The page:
Balancing languages and school
As we all know already - School year is now upon us. With just a few weeks left to relax and learn languages, soon we won't have time. Or will we?
I know, going into 10th grade, that learning Portuguese, Norwegian, and possibly Turkish will be really hard to do along with soccer.
So I'm asking anyone to give tips to everyone on how to balance good grades (above 4.0 gpa) with sports, sleep and languages.
Just to remind you that school doesn't start at the same time everywhere in the world...
I'd recommend ranking your languages by how important they are to you, and only doing the most important one on particularly busy days. Once you've got that one up to a certain level, it needs less attention and you can shift your focus to another one.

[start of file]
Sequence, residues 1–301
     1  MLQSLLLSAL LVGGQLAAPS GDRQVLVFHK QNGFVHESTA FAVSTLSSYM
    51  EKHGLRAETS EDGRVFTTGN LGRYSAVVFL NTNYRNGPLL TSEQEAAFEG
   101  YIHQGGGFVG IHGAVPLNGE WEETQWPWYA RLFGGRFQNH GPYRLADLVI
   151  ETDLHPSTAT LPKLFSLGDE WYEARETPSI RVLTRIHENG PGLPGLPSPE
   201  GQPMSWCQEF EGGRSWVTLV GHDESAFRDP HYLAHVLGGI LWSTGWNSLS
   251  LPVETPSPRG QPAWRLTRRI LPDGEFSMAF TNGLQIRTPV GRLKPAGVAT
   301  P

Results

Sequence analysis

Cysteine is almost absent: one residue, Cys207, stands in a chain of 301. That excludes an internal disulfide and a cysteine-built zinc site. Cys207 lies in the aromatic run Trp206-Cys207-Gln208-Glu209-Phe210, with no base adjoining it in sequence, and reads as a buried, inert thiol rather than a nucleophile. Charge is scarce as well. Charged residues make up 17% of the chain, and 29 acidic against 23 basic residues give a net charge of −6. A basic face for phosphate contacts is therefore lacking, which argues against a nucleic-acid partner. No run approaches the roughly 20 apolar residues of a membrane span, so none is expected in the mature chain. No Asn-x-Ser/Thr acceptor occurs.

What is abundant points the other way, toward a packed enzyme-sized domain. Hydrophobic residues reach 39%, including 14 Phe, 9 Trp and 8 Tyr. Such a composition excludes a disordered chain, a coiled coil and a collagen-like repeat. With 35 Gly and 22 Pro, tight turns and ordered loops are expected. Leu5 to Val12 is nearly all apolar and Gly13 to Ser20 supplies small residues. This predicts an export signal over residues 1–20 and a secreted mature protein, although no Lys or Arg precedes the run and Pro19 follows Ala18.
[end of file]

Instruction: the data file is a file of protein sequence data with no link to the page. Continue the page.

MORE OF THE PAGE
Learning a language takes years, not months, so don't try to rush it. And have fun while doing it!
I'm not really sure what to say, but it sounds so hard!! =D Since maintaining your grades is challenging plus the languages and sports, I think you could do your studies first (homeworks, projects, etc). Then if you do sports everyday, you could probably do that after studying to help your mind working to practice your languages!
Sorry if I could only give you the least tips :( But hope that helps! =D
Well you can do at least five minutes a day of the school days and a little more on the weekend. Most of my weeks were like that when I was in high school and learning three extra languages actively outside of school.